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Atlantic Coast Conference Moves Championship Games Out of North Carolina

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Atlantic Coast Conference Moves Championship Games Out of North Carolina
Georgia Tech players sing the school's fight song at 2006 ACC Championship game. Photo: <a href="https://en.wikipedia.org/wiki/2006_ACC_Championship_Game#/media/File:Georgia_Tech_football_team_Sept_9_2006.jpg">Brooke Novak</a>

Less than 24 hours after the National Collegiate Athletics Association pulled all of their championship games out of North Carolina, The Atlantic Coast Conference has announced that it too will follow suit.

The conference says that it’s decision to move all of its championship games out of the state will remain in effect through at least the 2016-2017 school year. These latest moves by both organizations come in response to North Carolina republican legislature passing sweeping anti-trans and anti-LGBT legislation this past summer.

The law, notably known as House Bill 2 or HB2 for short, prevents cities and counties from passing protections based on sexual orientation and gender identity. It also requires that public restrooms or locker rooms – including those in public buildings – be designated for use only by people based on the sex they were assigned at birth.

Republican lawmakers argue that the protections are necessary for the protection of women and children – despite the fact that there’s not been a single instance of a transgender individuals committing crimes in North Carolina public restrooms.

Civil rights organizations say this puts transgender individuals in the rather precarious position of using restrooms that do not match the gender in which they identify – or face criminal charges for disregarding the law.

“The ACC Council of Presidents made it clear that the core values of this league are of the utmost importance, and the opposition to any form of discrimination is paramount. Today’s decision is one of principle, and while this decision is the right one, we recognize there will be individuals and communities that are supportive of our values as well as our championship sites that will be negatively affected,” ACC Commissioner John Swofford said in a statement. “Hopefully, there will be opportunities beyond 2016-17 for North Carolina neutral sites to be awarded championships.”

The original dates and sites for the neutral site championships affected:

Women’s soccer: Nov. 4, 6; Cary

Football: Dec. 3; Charlotte

Men’s and women’s swimming and diving: Feb. 15-18; Greensboro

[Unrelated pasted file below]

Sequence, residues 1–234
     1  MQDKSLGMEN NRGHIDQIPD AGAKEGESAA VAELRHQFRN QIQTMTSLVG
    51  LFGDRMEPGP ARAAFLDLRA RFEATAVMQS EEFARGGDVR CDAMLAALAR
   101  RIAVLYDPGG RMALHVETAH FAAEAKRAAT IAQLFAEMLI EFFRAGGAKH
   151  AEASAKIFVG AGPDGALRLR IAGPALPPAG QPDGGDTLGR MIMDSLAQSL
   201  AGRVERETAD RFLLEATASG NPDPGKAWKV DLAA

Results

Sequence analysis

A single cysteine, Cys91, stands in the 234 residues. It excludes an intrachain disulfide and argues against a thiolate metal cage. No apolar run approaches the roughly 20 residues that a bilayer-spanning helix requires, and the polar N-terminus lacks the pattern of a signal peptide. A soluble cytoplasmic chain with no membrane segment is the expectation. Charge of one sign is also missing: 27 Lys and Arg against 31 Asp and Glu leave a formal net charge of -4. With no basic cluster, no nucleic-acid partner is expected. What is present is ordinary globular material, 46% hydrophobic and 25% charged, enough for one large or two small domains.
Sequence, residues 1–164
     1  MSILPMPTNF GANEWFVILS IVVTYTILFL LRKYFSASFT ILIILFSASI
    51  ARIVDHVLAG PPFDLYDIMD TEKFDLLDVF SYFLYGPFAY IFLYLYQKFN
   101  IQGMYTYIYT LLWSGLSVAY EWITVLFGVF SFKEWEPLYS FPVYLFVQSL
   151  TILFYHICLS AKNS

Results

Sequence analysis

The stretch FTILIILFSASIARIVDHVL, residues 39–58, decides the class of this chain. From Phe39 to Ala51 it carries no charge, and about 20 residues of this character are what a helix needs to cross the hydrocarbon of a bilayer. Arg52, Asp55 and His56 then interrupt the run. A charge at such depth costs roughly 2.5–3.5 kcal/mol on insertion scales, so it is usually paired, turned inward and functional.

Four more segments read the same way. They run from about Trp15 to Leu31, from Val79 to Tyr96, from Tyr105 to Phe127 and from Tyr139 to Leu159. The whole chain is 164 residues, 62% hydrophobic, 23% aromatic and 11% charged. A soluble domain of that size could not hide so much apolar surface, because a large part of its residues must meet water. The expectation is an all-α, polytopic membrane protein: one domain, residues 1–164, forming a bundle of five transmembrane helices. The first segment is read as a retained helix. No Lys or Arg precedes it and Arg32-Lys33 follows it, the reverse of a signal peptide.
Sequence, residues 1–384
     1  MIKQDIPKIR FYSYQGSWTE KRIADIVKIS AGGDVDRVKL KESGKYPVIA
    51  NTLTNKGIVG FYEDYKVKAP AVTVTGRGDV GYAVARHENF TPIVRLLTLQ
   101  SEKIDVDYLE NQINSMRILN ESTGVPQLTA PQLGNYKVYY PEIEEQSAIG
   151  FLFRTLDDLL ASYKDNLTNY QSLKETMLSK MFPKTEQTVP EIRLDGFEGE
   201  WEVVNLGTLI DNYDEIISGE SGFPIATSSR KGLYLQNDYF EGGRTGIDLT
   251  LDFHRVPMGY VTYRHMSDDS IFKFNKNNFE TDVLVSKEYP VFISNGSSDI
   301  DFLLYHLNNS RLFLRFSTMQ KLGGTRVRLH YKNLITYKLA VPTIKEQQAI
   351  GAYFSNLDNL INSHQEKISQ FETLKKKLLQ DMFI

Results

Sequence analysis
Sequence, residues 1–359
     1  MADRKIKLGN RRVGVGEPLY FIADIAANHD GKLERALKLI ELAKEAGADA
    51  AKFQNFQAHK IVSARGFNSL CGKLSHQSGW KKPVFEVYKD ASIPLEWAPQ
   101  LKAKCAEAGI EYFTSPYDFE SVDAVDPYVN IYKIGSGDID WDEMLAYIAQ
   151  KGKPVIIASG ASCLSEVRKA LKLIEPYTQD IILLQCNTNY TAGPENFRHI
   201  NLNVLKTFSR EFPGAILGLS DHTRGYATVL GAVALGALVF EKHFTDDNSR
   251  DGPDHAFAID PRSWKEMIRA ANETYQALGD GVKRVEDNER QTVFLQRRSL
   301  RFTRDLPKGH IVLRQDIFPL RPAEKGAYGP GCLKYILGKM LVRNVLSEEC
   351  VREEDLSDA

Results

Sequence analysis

Women’s basketball: March 1-5; Greensboro

Men’s and women’s tennis: April 26-30; Cary

Women’s golf: April 21-23, Greensboro

Men’s golf: April 21-23; New London

Baseball: May 23-28; Durham

The conference said it would have further announcements on where these championships will be played and that the move will not affect sports whose conference titles are decided on home turf.

“As members of the Atlantic Coast Conference, the ACC Council of Presidents reaffirmed our collective commitment to uphold the values of equality, diversity, inclusion and non-discrimination,” said a joint statement from the ACC Council of Presidents. “Every one of our 15 universities is strongly committed to these values and therefore, we will continue to host ACC Championships at campus sites. We believe North Carolina House Bill 2 is inconsistent with these values, and as a result, we will relocate all neutral site championships for the 2016-17 academic year. All locations will be announced in the future from the conference office.”

Hudson Taylor, the executive director of LGBT advocacy group Athlete Ally, praised the decision.

“The ACC’s decision to pull its championships from North Carolina is yet another win for the LGBT community and is an acknowledgement that athletic championships should only be awarded to those states and cities that champion LGBT equality,” Taylor said in a statement. “I am hopeful that losing the NBA All-Star game, the NCAA championships and now the ACC championships, will once and for all convince North Carolina legislators that they are on the wrong side of history and that LGBT athletes and fans deserve to be protected and respected on the field and under the law.”

Athlete Ally and a number of other LGBT organizations have been working for months with business and other interests in the state in an effort to force the hand of republican legislators into repealing the bill. To date, those efforts have been wildly successful with everyone from businesses such as PayPal to musicians and entertainers.

However, republican lawmakers in the state of only slightly budged from their original position this past summer – resulting in a failed effort to draft a replacement bill that ever so slightly changed the effect of the legislation in an effort to keep big business in the state.

To date, only one republican, State Senator Tamara Barringer, has changed course on the legislation. The governor and rest of the state republican leadership seem to be sticking to their guns. “Our women and girls in the state of North Carolina are not for sale,” Lt. Gov. Dan Forest told reporters. “They’re not for sale to Hollywood, to any concert venue, to the NBA or the NCAA. The protection and safety and security of women and girls in North Carolina is our utmost importance.”

Both decisions follow the NBA’s move earlier this summer to take the 2017 NBA All-Star game away from Charlotte.

“Today’s decision is one of principle,” ACC Commissioner John Swofford said, “and while this decision is the right one, we recognize there will be individuals and communities that are supportive of our values as well as our championship sites that will be negatively affected.”